I think that I think too much, maybe it’s my outlet for being so frustrated at our unjust world, that taking away a few dollars from huge multinational corporations feels like a little victory- and that it somehow assuages my carbon footprint guilt, even if at the back of my mind I know that they will still short-change their workers, the planet is still going to shit, and those fat cats will still get their huge year-end bonuses. But hey, let’s all try to save and learn how to get cheap airfare.
*note that these tips are probably best for Canadians
Target a wide range of options:
You may have heard of Ikigai, it was probably explained to you by a friend whose life completely changed after watching “Eat, Pray, Love.” If not, maybe you saw it on Etsy or Tumblr, while looking for inspirational quotes you can embroider on your knitted wall decor. And if you still have absolutely no idea what Ikigai is, just imagine a multicoloured Venn Diagram, on steroids, then fill the empty spaces with your hopes and aspirations. Ikigai is meant to give you purpose- that it is possible to marry your passion, vocation, mission, and profession into one polygon.
I am telling you now that Ikigai is only a conspiracy by Japanese conglomerates to overwork and underpay their staff.
Life is simply much simpler if we work with less variables, so like Newton’s three laws of motion, there’s also three forces at work in determining how much your airfare will cost. It’s just Price- of course, Date- when you buy + when you fly, and Location- where you’ll land, and that hopefully it’s in your pre-determined location.
Ok, put yourself in my shoes- I am pretty much willing to go anywhere from the tropics to the tundra- a fact that became easier after getting a real passport (don’t ask, won’t tell) but I can’t go anywhen since I have school most of the year. I also can’t pay a lot for the privilege of flying, because after spending most of the year in school, I didn’t get to have a job nor earn any money. It’s the cheap>fast>quality school of thought, and why be so verbose when I could have condensed all this in a single sentence and dropped a screenshot of Kayak’s Explore feature- it lets you see multiple destinations for your preferred date range, then you can use the toggle bars to set a price ceiling. If you live in a city with more than one airport (lucky) check the nearby box, and don’t limit yourself to non-stop flights! This method can lead to some pretty interesting vacation options that you otherwise might not have thought of– sometimes there are even new routes offered by major airlines and you can get some really nice introductory prices on them.
P.S. Because you’ve wickedly improved your Geography skills by staring at that map, you can choose to take open-jaw flights (meaning you don’t fly out of the same airport you landed in) as it gives you a wider range of places to explore and it helps avoid backtracking!
I’m a great big fan of budget airlines, and even if all of them are inundated with horrible reviews, it doesn’t deter me much from booking with them as I always take those rants with a grain of salt. Low-cost carriers have democratized international travel, some legacy airlines (old companies with unionized staff and offer a free beverage service without making you feel bad about it) have diversified by owning and managing budget brands. Examples are: Air Canada and Air Canada Rouge; Cathay Pacific and Dragon Air; Quantas and Jetstar; also recently, Westjet and Swoop- although they are mired in allegations of wide employee dissatisfaction.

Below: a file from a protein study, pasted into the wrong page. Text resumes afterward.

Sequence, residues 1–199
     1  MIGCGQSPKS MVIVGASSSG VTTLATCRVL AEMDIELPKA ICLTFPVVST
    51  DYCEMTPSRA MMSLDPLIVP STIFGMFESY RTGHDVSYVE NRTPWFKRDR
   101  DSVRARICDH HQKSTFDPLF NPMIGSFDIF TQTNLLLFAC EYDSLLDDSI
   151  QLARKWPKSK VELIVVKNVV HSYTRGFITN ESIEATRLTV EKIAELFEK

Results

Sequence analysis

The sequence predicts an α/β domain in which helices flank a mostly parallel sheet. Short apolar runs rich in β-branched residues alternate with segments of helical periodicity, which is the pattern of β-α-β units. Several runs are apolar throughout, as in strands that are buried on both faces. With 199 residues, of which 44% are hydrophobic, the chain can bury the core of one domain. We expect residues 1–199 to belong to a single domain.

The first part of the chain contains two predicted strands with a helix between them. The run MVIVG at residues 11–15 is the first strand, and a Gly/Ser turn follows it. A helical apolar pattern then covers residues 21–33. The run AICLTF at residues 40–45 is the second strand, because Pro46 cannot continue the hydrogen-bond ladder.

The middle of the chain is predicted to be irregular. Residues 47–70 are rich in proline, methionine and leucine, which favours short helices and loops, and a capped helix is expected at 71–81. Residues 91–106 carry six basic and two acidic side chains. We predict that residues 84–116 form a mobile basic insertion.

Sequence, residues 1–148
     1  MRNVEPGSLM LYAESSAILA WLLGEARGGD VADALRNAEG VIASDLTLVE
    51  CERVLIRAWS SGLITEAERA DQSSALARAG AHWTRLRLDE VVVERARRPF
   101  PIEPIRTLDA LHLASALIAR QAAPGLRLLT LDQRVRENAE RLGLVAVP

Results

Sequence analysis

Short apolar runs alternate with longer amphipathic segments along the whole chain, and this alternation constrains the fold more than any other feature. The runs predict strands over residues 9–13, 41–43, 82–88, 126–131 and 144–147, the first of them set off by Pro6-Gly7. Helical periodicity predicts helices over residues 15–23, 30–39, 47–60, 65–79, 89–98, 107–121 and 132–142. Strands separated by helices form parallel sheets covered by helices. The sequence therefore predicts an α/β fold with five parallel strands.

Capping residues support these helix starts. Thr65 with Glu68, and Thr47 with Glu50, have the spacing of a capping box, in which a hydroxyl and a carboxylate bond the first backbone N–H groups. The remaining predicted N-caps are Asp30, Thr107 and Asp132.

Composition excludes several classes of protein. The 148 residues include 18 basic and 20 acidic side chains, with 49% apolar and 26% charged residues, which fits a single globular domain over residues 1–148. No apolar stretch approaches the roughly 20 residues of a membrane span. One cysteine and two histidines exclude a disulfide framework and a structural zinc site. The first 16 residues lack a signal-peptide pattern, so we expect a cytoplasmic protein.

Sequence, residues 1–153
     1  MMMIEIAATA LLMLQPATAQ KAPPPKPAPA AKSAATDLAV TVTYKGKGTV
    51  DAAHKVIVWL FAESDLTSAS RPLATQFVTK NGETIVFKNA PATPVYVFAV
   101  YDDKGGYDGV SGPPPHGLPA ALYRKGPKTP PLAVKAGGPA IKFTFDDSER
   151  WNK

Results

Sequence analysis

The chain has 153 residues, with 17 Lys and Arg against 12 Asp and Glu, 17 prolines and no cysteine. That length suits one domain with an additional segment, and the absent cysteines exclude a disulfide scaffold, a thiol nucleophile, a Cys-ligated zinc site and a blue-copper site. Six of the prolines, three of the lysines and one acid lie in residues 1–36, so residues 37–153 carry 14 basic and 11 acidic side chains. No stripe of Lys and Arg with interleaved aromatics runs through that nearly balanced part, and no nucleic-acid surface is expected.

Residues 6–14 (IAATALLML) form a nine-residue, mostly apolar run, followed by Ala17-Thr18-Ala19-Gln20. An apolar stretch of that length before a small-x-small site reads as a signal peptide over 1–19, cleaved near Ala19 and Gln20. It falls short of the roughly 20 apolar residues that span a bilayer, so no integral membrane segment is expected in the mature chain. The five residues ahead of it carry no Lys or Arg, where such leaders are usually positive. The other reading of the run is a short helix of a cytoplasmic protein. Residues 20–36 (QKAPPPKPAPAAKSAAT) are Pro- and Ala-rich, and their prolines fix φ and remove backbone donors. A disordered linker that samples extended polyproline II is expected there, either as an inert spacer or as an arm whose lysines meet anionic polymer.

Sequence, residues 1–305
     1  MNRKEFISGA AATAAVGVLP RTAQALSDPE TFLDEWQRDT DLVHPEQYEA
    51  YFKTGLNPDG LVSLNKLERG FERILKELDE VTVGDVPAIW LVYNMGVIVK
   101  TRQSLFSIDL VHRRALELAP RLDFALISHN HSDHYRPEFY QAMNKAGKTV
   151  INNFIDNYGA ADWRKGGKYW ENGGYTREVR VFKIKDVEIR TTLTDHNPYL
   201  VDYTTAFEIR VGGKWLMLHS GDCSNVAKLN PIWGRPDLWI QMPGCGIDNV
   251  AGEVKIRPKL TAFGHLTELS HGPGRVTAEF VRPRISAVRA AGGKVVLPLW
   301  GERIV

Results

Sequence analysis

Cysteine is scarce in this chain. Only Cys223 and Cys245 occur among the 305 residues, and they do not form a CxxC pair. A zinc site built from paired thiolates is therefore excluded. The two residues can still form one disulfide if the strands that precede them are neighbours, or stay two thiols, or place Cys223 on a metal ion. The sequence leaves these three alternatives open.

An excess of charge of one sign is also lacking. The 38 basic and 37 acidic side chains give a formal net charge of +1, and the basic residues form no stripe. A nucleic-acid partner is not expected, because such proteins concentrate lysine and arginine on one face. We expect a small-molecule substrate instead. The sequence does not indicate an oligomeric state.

Flying with an LCC should always be considered if you want to save a lot of money, especially when they hold promotions like 0$ base fares, making a round-trip ticket to New York cost a crazy $86- even cheaper than taking a Greyhound! A lot of low-cost carriers function like a bus service by doing short routes, so they’re a great option for doing multi-city trips. I like booking my tickets well in advance as LCC prices are quite predictable, and they always tend to rise closer to departure.
Low-cost carriers are very popular in Europe and Asia, but they’re considered as an emerging industry in North America (something to do with population density, but Australia has them so-). Often, people feel like they are nickel and dimed by budget airlines, and a lot of the extra charges feel unwarranted- trust me, they are counting on you not following their terms and conditions! But they do explicitly state everything you need to know to make sure it is legally binding, so the onus is on the consumers to abide by their rules.
Remember: No self-respecting business wants to intentionally sabotage you!
Believe me, airlines, especially the cheap ones, hate delays more than their customers- being late cuts into their revenue! Variables like; runway traffic, or weather (considered as force majeure in legalese) shouldn’t be blamed on overworked gate agents. Chances are your low-cost carrier is not the only airline that’s going to be grounded.
Meanwhile, problems like oversold flights, re-routed planes, and schedule shifts are very annoying, given that these issues can disrupt your entire trip. Although in these scenarios, you would have the upper hand to negotiate so it should result in you getting some justifiable compensation.
Every traveller should be aware of their rights, and luckily, in Canada, most businesses are somewhat transparent. There is a public document called the Air Carrier’s Tariff and it is mandatory for every commercial airline operating on Canadian soil to follow the rules lest they want to be fined and lose their license- so I highly recommend every passenger to read it.
Pick the right airports:
The choice between flying to and from the right airport could make a huge difference in your ticket price. I’ve saved a lot of money by flying into smaller regional hubs like the Don Mueang International Airport in Thailand, and Berlin’s Schönefeld Airport. They may even be more convenient- as older airports are often built closer to the city, like the time I flew from Hong Kong (HKG) to Shanghai’s Hongqiao International Airport (SHA) that is connected to their metro system, unlike the bigger but farther away Pudong Airport (PVG). Most LCCs choose to operate with them because they have lower landing fees, but expect most regional airports to have bare-bones service and they may not even be open at certain times. Oftentimes, you’ll have to walk on the tarmac and use those roll-away stairs. Great photo opportunity though!